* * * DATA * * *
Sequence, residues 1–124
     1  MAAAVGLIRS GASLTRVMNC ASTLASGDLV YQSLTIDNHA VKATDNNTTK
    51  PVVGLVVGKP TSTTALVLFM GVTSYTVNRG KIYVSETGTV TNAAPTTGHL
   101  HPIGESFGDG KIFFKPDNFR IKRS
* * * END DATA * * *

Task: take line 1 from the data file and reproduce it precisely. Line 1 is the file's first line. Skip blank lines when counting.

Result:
Sequence, residues 1–124